One unique feature for the Evil Eye Halfrim Pro glasses is the integrated sweat bar on the top of the frame. The sweat bar does exactly what it says on the tin, and helps to minimise any droplets making their way south onto the lenses. It does create a more snug fit with your eyebrows, but it’s well worth it. That said, if you don’t dig the sweatbar it is removable. Or you could save a few bones by electing for he standard Evil Eye Halfrim glasses, which come without it.
Adidas and Smith offer their sports glasses plethora of different frame colours and lens options. So what you see here isn’t necessarily the be-all and end-all.
The Pivlock Arena Max glasses I received for testing come standard with three sets of lenses. There’s the Green Sol-X Mirror lens, a Brown lens, and a Clear lens included in the carry case, which makes them great value. I reckon the green looks badass, but it’s actually a polarized brown lens with a green mirror coating, so you get excellent glare reduction in bright conditions. According to Smith, the green lens offers just 12% light transmission, so it’s ideal for bright summer days. I found the brown lens to be better suited to riding through wooded trails, where the 18% light transmission offers a little more depth perception. For night riding and early morning jaunts, the clear lens is the way to go. Despite having a 98% light transmission, amazingly the clear lens still offers 100% protection from UVA, UVB and UVC rays.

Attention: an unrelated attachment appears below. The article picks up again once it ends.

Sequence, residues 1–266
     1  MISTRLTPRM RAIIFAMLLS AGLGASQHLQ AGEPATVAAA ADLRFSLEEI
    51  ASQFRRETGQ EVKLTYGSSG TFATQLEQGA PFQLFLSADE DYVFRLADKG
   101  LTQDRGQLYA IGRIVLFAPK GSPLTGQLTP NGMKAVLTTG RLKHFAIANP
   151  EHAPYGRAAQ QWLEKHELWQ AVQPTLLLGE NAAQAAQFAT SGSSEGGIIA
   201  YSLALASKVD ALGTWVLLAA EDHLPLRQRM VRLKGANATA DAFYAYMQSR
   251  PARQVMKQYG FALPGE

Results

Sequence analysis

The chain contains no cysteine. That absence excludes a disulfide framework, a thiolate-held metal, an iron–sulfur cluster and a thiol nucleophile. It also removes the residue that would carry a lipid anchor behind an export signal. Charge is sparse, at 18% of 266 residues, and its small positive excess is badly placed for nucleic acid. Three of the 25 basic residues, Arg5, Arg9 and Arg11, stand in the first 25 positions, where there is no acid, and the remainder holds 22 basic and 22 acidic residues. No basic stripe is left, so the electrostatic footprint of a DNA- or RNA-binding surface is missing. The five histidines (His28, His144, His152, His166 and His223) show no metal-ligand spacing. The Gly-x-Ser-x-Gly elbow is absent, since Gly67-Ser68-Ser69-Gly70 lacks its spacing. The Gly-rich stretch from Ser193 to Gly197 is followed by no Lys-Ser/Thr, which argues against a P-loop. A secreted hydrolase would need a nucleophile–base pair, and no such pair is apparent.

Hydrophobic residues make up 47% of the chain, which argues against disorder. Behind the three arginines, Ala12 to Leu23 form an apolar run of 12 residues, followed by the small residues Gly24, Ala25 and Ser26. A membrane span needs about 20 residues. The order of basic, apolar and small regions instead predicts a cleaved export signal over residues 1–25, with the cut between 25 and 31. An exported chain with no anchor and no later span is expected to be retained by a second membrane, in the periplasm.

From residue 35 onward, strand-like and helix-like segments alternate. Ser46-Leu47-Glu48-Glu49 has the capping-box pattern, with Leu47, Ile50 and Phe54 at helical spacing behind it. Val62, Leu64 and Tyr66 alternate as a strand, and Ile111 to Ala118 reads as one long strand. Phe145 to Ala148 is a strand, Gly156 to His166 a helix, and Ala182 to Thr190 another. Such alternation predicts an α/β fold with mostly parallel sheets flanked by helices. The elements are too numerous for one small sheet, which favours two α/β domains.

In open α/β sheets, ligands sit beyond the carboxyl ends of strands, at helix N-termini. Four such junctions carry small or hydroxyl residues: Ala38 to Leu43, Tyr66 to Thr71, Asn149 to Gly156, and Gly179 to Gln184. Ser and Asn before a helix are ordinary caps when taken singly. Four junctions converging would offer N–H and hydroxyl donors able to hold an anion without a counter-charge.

The lens themselves are high tech and designed specifically for outdoors activities. Externally you’ll find several mirror coatings and anti-scratch protection, while the inside of the lens receives a multi-layer anti-reflective coating. Sandwiched in the middle is a Carbonic layer for impact protection, and a Techlite Glass layer to provide optical precision. That last detail is worth pointing out, as the Arena Max glasses have provided me with crystal-clear vision and next to no optical distortion. That quality is pretty subtle, but it’s the sort of thing that makes itself apparent when you switch to a cheap pair of glasses.
Swapping lenses is a quick and painless affair, as the lens is one-piece, and all you need to do is remove each arm and the nosepiece, before swapping them to an alternate lens.
The Arena Max has a broad field of vision thanks to its one-piece open lens design and large wrap-around profile. It sees the glasses sitting close to your face, with plenty of peripheral vision. This is also made possible by the 130x48mm lens size. The standard Smith Pivlock Arena uses a slimmer 124x45mm lens, but for mountain bikers I’d definitely recommend the Arena Max for its better on-trail coverage.
Like the Smith glasses, the Adidas Evil Eye Halfrim Pro’s can be had in a myriad of different lens options. The model I’ve been testing is equipped with Adidas’ new Vario Lens. This is the German brands first photochromic lens, which means it automatically adjusts to different light conditions. When the lens is clear, it takes less than a second to go dark when faced with direct sunlight. The transition is slower the other way, with the darkened lens taking about 4-5 seconds to go clear.